What are the 10 statements of the Torah?
They form part of the covenant made at Mount Sinai….They are:
- Do not have any other gods.
- Do not make or worship idols.
- Do not disrespect or misuse God’s name.
- Remember the Sabbath and keep it holy.
- Honour your mother and father.
- Do not commit murder.
- Do not commit adultery.
- Do not steal.
What are the 10 Commandments called in Hebrew?
The Ten Commandments, also known as Aseret HaDibrot (“Ten Sayings” in Hebrew) or Decalogue, are the first ten of the 613 commandments given by God to the Jewish people. They form the foundation of Jewish ethics, as well as civil and religious law.
Where in the Torah are the 10 Commandments?
The text of the Ten Commandments appears twice in the Hebrew Bible: at Exodus 20:2–17 and Deuteronomy 5:6–21.
Are the 10 Commandments in the Talmud?
The Talmud notes that the Hebrew numerical value (gematria) of the word Torah is 611, and combining Moses’s 611 commandments with the first two of the Ten Commandments which were the only ones heard directly from God, adds up to 613.
What do the 10 commandments teach us?
What do the Ten Commandments teach? The Ten Commandments establish rules of worship and forbid actions such as murder, theft, and adultery. They reflect a morality common to the ancient Middle East.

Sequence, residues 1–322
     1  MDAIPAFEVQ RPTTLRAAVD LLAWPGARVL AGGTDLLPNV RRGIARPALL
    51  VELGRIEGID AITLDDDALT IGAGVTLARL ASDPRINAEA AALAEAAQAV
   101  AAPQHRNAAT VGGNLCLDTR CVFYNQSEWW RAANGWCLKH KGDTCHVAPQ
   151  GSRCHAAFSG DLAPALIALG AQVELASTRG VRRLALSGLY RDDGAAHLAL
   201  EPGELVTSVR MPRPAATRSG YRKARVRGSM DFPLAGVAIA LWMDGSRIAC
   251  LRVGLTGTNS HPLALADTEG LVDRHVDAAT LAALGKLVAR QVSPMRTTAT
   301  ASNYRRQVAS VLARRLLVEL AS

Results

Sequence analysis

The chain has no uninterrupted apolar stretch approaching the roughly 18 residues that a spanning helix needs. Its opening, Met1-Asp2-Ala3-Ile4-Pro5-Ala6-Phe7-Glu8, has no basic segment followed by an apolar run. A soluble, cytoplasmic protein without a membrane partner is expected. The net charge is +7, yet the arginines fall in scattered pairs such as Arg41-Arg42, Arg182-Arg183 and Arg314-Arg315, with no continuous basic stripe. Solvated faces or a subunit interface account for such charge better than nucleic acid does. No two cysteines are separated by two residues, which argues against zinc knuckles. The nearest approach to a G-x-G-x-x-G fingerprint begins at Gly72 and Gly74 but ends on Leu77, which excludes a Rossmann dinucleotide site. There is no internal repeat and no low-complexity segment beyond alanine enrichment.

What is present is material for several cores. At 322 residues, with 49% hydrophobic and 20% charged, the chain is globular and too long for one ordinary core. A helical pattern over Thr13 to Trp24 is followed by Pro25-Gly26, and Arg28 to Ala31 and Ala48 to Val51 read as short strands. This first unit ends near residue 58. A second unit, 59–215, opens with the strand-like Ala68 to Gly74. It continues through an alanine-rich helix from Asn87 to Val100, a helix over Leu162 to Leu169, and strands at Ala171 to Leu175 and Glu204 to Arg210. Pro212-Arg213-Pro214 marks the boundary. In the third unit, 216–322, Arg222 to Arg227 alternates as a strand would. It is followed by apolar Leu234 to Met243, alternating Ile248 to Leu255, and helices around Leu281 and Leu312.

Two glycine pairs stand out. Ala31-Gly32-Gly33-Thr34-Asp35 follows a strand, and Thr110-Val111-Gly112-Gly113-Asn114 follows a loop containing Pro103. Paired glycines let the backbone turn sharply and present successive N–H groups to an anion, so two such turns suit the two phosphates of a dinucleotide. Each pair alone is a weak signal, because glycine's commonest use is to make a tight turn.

How are the 10 commandments divided?
The Bible actually contains two complete sets of the Ten Commandments (Exodus 20:2-17 and Deut. 5:6-21). In addition, Leviticus 19 contains a partial set of the Ten Commandments (see verses 3-4, 11-13, 15-16, 30, 32), and Exodus 34:10-26 is sometimes considered a ritual decalogue. 2.
How many utterances are there in the Torah?
There are ten utterances in the creation of the world, and (corresponding to them) ten utterances in the Torah (the Ten Commandments). What does this tell us?
What is the meaning of the ten utterances?
The Ten Utterances usher inanimate matter into a state of existence, in contrast to its former state of non-being, prior to the Six Days of Creation. Thus, the letters of the Ten Utterances which cause inanimate matter to be created are its soul and life-force.
Is Bereishit the first utterance in the Torah?
Note that this passage in the Zohar does not regard the first word in the Torah, bereishit, as the first utterance, as explained previously. (Zohar 1:39b) Perhaps this is according to the view that the verse, “I am the Lord your G-d,” also expresses belief in G-d Himself, which is not a commandment, but precedes all commandments.
Is the word stone mentioned in the ten utterances?
Now, although the word “stone” [in Hebrew, “even”, spelled alef, beit, nun] is not mentioned in the Ten Utterances recorded in the Torah, how, then, can we say that letters of the Ten Utterances are enclothed within a stone?